Waiting his turn is Jim Frishe.  To Frishe, Brandes’ decision to run against reminds him of 2006, when Frishe was elected for the second time to the Florida House.  Then, Frishe faced-off against Rod Jones, son of popular State Senator Dennis Jones.  Jones was the preferred choice of most, but not all, of the political establishment and out-spent Frishe at least 3-to-1.  Yet Frishe, quietly but deliberately, campaigned in the beach neighborhoods he knows like the back of his hand and pulled off the “upset.”

Fast-forward six years and, to Frishe, Brandes, as a political opponent, is not much different than Rod Jones.  Yes, Brandes will have a financial advantage, but there’s only so much financial advantage to be had.  Frishe will tell you that he’s endorsed by pretty much every major elected official in south Pinellas, from St. Pete Mayor Bill Foster to outgoing State Senator Dennis Jones.  He’s also endorsed by the next Senate President, Andy Gardiner.  Oh, and in case you forgot, Jack’s got his back as well.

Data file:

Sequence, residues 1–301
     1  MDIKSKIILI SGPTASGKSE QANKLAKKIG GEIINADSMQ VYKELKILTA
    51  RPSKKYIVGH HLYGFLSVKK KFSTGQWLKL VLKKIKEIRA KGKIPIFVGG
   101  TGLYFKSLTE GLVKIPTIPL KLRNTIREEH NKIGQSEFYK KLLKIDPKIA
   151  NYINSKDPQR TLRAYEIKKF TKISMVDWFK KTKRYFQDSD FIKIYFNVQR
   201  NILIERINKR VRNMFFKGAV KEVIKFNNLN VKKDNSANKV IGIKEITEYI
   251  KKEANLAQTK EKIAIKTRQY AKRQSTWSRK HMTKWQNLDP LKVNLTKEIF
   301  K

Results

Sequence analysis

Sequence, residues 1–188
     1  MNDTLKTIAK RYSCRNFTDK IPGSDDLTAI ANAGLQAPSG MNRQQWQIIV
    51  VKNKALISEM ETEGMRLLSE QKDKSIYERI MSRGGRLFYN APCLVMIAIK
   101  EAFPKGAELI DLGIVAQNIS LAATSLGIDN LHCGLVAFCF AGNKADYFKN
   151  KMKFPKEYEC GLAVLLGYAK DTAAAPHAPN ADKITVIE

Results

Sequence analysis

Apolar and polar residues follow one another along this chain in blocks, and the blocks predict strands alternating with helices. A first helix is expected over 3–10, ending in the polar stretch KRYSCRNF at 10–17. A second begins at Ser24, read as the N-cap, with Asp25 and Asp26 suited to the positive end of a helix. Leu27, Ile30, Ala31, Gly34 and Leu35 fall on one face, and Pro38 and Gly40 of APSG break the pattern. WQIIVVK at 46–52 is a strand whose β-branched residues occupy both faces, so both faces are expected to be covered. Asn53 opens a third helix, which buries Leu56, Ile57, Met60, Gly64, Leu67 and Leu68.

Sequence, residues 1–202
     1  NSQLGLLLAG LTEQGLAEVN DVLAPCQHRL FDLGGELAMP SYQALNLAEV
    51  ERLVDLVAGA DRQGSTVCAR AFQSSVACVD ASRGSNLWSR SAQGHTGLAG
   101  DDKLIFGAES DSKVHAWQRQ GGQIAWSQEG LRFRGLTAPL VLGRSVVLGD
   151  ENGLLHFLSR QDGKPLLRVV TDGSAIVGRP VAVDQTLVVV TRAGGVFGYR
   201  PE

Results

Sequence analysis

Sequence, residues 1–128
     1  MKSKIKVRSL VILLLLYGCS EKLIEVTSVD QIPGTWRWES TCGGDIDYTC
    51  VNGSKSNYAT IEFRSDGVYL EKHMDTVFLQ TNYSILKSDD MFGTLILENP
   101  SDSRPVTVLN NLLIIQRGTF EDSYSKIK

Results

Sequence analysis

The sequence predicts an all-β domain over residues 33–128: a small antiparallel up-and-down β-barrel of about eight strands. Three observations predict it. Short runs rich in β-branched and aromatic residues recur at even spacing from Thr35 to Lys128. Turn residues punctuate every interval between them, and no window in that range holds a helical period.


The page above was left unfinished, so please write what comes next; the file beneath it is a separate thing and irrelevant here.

Jim’s secret weapon, however, is his roots in Tampa.  His brother is a popular figure in South Tampa and has been a visible ambassador for Frishe.  Brandes would have to air a lot of Adam Goodman’s TV spots south of Kennedy for Brandes to overcome the headstart Frishe has in the Tampa part of the district.

But, at this point, I doubt Brandes and Frishe square-off.  I believe this race is going to turn into Brandes vs. Latvala.  It almost has to. Because when the two biggest kids on the block keep bumping into each other, eventually they’re gonna fight.